The Center's work on '2001/2003 Tax Cuts' Issues

Bernstein: Why Debt Matters

March 25, 2014 at 2:57 pm

In testimony today before the House Financial Services Committee about the federal debt, CBPP Senior Fellow Jared Bernstein concluded with two important points about long-term debt:

First, it is clear that our long-term debt picture has very significantly improved. . . . [C]onsiderable deficit savings have been legislated since 2010.  Also, one of the main factors driving the long-term debt is the intersection of our aging demographics and the growth of health care costs.  However, in recent years, those costs have slowed significantly, thanks in part to the types of measures introduced in the Affordable Care Act, and that too has lowered our debt projections (see chart). . . .

The second point of the figure, however, is that while our debt forecasts are improved, they still reveal significant pressures, with debt projected to exceed 100 percent of [gross domestic product] before 2040.  This projection strongly supports the need to continue to implement the efficiency enhancing measures in the ACA, to continue to monitor and build on the recent progress we’ve seen on health care costs, and the pursuit of balanced fiscal measures like those in the President’s new budget.

Click here for the full testimony.

Obama Proposal a Clear Step Forward, But Would Be Better with More Revenue

July 30, 2013 at 3:48 pm

The President’s new proposal for corporate tax reform and infrastructure investments provides a creative way to address both the urgent need for job creation and the risk that corporate tax reform will contain timing gimmicks that expand long-term deficits.  But the proposal would be better if its corporate tax reform contributed to long-term deficit reduction.

Let’s consider each point in turn.

First, the need for jobs: today’s main economic challenge is that millions of Americans who want desperately to work and support their families can’t find jobs.  The share of the adult population with a job is still stuck at levels when the Great Recession hit bottom.  With many construction workers out of work while our infrastructure continues to decay, this is the obvious time to rebuild and repair roads, bridges, and airports.  The President deserves credit for pushing this idea.

Second, the risks of timing gimmicks in corporate tax reform: as our recent report explains, corporate tax reform — whether designed to be revenue neutral or to raise revenue over the first decade — could easily end up expanding deficits in later decades.

That’s because many of the corporate tax subsidies that policymakers might scale back to pay for lowering the corporate tax rate are structured in such a way that cutting them would generate much larger savings in the first ten years than over the long run.

For example, a 2011 Joint Tax Committee analysis of a potential corporate tax-reform package that was revenue neutral over the first decade found that it would produce annual revenue losses before the end of the decade, which would then grow over time (see graph).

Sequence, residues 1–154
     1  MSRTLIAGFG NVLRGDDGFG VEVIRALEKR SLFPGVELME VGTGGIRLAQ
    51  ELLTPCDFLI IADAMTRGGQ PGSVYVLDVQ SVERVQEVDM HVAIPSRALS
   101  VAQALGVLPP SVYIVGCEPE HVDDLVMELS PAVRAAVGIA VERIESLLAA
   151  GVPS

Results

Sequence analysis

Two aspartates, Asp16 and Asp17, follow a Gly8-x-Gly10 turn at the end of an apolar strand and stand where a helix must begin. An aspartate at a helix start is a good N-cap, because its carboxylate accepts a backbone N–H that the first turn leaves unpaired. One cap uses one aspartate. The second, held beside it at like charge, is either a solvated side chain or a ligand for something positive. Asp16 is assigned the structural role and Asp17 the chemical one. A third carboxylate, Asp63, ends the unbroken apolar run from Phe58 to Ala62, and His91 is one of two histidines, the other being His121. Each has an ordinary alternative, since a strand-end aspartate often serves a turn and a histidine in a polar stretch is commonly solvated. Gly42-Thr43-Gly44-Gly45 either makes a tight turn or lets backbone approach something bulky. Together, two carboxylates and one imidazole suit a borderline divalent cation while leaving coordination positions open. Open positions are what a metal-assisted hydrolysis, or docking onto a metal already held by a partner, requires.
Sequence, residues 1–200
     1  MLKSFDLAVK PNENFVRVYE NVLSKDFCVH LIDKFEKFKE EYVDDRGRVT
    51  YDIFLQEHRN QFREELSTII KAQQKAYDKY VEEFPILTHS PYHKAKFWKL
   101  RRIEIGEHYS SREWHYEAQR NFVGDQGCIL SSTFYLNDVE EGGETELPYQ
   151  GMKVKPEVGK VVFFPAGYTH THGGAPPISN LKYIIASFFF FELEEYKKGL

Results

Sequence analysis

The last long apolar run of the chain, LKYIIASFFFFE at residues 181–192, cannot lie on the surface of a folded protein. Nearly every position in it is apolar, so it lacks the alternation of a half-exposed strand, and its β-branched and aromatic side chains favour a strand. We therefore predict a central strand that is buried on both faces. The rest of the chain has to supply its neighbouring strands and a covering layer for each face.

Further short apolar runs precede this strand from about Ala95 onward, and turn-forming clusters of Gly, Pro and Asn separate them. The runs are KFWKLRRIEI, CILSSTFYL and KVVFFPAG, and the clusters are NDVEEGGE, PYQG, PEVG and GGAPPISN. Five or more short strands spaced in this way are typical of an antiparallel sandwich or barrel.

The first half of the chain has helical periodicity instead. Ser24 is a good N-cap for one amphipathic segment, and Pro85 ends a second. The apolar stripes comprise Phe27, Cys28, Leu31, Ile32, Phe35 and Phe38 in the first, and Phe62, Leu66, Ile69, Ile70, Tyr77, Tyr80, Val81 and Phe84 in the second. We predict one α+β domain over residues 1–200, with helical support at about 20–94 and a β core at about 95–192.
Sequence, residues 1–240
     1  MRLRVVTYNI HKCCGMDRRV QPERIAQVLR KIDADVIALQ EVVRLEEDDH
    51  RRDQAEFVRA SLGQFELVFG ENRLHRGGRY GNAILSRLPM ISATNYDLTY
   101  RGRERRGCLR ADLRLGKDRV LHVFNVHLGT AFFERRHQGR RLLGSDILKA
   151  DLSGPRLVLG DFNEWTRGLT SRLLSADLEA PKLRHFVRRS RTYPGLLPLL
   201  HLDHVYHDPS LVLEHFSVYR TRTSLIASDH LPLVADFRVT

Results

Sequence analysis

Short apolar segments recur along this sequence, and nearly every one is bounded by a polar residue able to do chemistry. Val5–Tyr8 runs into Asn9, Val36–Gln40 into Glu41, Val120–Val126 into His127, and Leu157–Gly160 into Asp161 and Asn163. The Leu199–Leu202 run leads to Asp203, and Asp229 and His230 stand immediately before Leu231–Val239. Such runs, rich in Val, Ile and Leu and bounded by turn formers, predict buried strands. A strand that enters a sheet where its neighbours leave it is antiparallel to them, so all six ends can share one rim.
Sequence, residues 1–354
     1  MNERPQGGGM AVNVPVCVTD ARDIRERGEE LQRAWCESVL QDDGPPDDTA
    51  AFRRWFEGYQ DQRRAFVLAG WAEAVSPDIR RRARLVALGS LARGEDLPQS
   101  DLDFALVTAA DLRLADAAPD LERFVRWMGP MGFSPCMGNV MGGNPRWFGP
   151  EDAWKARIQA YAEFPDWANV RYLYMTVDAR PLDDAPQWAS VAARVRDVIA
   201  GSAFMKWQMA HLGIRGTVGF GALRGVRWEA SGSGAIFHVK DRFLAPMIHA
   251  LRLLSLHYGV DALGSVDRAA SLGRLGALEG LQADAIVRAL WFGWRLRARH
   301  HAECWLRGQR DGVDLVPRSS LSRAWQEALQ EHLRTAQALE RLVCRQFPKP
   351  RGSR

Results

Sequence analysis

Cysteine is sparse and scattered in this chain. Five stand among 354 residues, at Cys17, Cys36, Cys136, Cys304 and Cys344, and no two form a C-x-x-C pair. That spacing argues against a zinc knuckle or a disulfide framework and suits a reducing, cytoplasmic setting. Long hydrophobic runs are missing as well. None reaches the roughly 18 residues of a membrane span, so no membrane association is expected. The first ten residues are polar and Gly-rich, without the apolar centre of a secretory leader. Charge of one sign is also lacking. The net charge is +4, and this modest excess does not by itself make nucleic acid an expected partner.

The President would address this timing problem and ensure that corporate tax reform doesn’t add to the deficit in the long run by devoting its temporary revenue gains to timely infrastructure investments, and using only permanent revenue gains for permanent rate cuts.

Third, the need to do more on long-term deficits: the President’s proposal meets a “do no harm” fiscal test, but corporate tax reform needs to contribute to deficit reduction over the long run.  The risk is that revenue-neutral corporate tax reform now will “use up” the politically achievable savings from cutting corporate deductions, credits, and other preferences known collectively as “tax expenditures,” taking corporate taxes off the table for deficit reduction.

At a time when policymakers are cutting critical investments in areas like scientific research and Head Start, corporate revenues should contribute to deficit reduction, not be exempt from it.

CBO Immigration Cost Estimate Doesn’t Support Use of “Dynamic Scoring” for Tax Reform

July 24, 2013 at 2:06 pm

Some members of Congress are claiming that the Congressional Budget Office (CBO) and Joint Committee on Taxation (JCT) used “dynamic scoring” to estimate the budgetary effects of the Senate immigration bill and should do the same for tax bills, starting with tax reform.  But they’re off base on the immigration bill, and their call for dynamic scoring for tax reform is an invitation for fiscal irresponsibility.

Advocates of “dynamic scoring” want to see “macroeconomic feedback” effects incorporated into estimates of the budgetary effects of legislation.  That means trying to estimate (1) how the legislation might change households’ work and saving decisions and businesses’ investment decisions, (2) how those decisions would affect broad macroeconomic variables like gross domestic product (GDP) and employment, and (3) how those changes in the economy would induce changes in revenues and spending.

CBO and JCT do not do this in their cost estimates, and with good reason.  Economists do not agree on the size — sometimes even the direction — of macroeconomic feedback from cutting marginal tax rates or making other changes to taxes or spending.

Such dynamic scoring would also impair the credibility of the budget process.  Because the estimates of macroeconomic feedbacks are very uncertain, including them in budget estimates would be highly controversial and inevitably viewed as biased and politically motivated.

In its official cost estimate of the immigration bill, CBO made an exception to its longstanding policy of assuming that the legislation under consideration does not affect the overall size of the economy.  It did not, however, embrace dynamic scoring.

CBO and JCT confront a unique challenge with immigration bills, which — unlike virtually all other legislation — would substantially expand the U.S. population and labor force and therefore affect the budget independently of any impacts resulting from changes in households’ and businesses’ behavior.  As our analysis of the Senate bill explains, CBO’s cost estimate accounted for the direct effects of these population and labor force increases on the size of the economy, revenues, and federal benefit spending.  CBO employed a similar procedure in its cost estimate for the 2006 immigration bill.